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Why You May Be Anxious About Isolation Ending, Even If You Miss Normal Life

Abby Moore
Assistant Managing Editor By Abby Moore
Assistant Managing Editor
Abby Moore is an assistant managing editor at mindbodygreen. She earned a B.A. in Journalism from The University of Texas at Austin and has previously written for Tribeza magazine.
Woman using mobile phone in the subway station. She is wearing a protective mask for the prevention of a virus

As several states in the U.S. slowly start to reopen, you may be experiencing mixed emotions. On one hand, you're eager to see your friends, do things outside your home, and maybe even visit your favorite restaurants again. On the other hand, you may feel completely unsettled about returning to "normal" life.

If you're feeling nervous about the transition, you're not alone. No matter how long you've been wishing for isolation to end, this new cycle of change and uncertainty can trigger those anxious feelings. We spoke to psychologists about why you're feeling this way and what to do about it.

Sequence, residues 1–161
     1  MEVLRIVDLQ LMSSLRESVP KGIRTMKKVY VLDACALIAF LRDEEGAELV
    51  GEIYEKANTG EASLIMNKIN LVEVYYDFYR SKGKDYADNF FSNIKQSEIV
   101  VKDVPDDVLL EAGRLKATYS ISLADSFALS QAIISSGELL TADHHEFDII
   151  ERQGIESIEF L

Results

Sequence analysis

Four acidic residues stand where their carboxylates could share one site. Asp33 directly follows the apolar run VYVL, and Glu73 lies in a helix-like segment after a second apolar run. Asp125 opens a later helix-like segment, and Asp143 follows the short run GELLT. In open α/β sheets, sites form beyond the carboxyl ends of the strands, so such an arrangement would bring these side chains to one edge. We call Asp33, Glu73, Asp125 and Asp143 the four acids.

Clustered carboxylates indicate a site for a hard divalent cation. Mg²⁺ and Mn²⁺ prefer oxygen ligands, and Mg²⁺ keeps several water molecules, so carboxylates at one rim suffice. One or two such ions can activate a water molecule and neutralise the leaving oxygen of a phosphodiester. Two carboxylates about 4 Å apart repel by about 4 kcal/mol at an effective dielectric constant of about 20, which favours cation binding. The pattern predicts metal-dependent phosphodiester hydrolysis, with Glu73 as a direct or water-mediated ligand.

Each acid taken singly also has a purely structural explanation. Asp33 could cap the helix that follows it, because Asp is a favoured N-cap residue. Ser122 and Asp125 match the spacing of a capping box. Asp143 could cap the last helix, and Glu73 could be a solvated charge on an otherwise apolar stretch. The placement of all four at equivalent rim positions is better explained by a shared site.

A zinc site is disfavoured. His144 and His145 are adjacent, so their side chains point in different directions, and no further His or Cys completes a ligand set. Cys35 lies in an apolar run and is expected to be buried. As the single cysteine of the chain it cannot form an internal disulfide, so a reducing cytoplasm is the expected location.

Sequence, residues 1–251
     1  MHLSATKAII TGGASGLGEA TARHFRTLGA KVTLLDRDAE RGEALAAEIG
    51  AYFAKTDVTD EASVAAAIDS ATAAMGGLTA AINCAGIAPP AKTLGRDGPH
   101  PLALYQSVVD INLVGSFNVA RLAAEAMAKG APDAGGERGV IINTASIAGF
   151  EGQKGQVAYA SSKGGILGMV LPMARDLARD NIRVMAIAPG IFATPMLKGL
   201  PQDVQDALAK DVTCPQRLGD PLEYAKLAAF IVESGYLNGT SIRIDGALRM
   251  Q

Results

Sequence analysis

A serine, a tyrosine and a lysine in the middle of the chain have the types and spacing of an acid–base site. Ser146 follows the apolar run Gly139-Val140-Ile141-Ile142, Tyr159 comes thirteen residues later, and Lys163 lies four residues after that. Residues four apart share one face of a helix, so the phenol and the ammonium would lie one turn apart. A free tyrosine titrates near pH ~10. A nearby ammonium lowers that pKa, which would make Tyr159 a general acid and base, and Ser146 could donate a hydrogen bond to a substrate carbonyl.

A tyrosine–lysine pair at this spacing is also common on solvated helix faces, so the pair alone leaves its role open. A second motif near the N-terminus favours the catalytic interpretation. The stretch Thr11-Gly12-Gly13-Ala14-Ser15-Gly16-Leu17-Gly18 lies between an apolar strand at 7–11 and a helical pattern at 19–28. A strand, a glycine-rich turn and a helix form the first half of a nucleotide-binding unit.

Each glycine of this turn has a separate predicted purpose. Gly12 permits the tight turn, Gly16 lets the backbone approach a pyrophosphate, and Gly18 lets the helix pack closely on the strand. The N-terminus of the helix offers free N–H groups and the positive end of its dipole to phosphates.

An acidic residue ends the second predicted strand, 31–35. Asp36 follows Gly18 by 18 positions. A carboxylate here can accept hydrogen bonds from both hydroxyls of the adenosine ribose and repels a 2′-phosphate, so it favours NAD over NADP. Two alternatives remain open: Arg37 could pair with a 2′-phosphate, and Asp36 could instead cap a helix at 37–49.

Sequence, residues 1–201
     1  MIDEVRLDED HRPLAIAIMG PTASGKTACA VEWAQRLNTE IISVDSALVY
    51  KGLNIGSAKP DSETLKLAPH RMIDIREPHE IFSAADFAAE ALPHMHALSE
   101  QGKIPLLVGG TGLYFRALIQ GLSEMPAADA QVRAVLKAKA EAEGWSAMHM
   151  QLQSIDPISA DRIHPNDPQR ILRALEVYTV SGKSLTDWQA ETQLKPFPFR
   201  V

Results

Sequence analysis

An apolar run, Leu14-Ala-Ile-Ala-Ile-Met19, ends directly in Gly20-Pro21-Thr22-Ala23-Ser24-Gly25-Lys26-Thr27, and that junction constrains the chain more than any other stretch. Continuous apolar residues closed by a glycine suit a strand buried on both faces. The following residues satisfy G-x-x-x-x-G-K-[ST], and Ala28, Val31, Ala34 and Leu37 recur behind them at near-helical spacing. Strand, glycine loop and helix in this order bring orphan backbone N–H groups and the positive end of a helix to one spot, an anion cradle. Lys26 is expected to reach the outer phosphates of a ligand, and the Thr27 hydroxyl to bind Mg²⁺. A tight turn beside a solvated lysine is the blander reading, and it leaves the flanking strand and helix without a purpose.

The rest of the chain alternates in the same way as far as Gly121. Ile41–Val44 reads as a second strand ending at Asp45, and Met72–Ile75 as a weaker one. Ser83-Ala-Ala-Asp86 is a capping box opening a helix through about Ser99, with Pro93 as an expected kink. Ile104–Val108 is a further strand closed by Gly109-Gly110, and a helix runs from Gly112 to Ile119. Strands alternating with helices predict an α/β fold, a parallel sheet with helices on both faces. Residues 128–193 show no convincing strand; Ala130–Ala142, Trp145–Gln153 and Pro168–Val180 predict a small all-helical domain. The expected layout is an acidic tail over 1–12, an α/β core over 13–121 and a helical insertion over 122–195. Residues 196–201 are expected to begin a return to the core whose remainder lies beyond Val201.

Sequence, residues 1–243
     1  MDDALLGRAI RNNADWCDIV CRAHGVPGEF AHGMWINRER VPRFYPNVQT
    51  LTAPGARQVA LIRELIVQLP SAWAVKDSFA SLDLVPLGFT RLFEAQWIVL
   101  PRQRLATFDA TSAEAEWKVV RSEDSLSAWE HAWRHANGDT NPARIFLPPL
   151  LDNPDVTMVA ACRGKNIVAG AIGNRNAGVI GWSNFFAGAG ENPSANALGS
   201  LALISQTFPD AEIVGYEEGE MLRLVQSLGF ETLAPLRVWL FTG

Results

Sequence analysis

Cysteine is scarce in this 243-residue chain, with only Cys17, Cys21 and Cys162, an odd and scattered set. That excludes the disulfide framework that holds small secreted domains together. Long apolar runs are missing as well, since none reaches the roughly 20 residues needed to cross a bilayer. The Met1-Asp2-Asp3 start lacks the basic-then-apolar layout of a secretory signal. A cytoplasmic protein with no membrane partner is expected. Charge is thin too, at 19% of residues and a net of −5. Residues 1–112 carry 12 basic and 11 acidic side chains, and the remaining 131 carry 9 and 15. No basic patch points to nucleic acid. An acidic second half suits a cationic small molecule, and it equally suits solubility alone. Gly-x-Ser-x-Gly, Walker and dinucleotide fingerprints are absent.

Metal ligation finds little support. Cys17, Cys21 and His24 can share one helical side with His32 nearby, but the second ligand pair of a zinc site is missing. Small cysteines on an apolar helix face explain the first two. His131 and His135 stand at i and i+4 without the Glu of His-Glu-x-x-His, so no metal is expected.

Why am I nervous about returning to normal life?

Health risks and dealing with other people's unsafe behavior.

"In general, uncertainty can make people anxious, and right now a lot of things are unclear," psychologist Patricia Thompson, Ph.D., tells mbg. First and foremost, the risk of COVID-19 is still prevalent. Without a treatment for the virus, you may feel unsafe going back out in public.

If you've been working from home, socially distancing from people outside your household has probably been simple enough. Suddenly having to use public transportation or be thrust into crowded buildings and sidewalks can be unnerving. Even if you're taking all the necessary safety precautions, you can't force the people around you to do the same. Figuring out how to tell people to keep their distance can be exhausting and anxiety-inducing.

Moreover, if you don't feel comfortable going into work right away or leaving your kids with childcare, how do you tell your boss? Will you lose your job? "People are worried that those factors could also cause additional financial strain," Thompson says.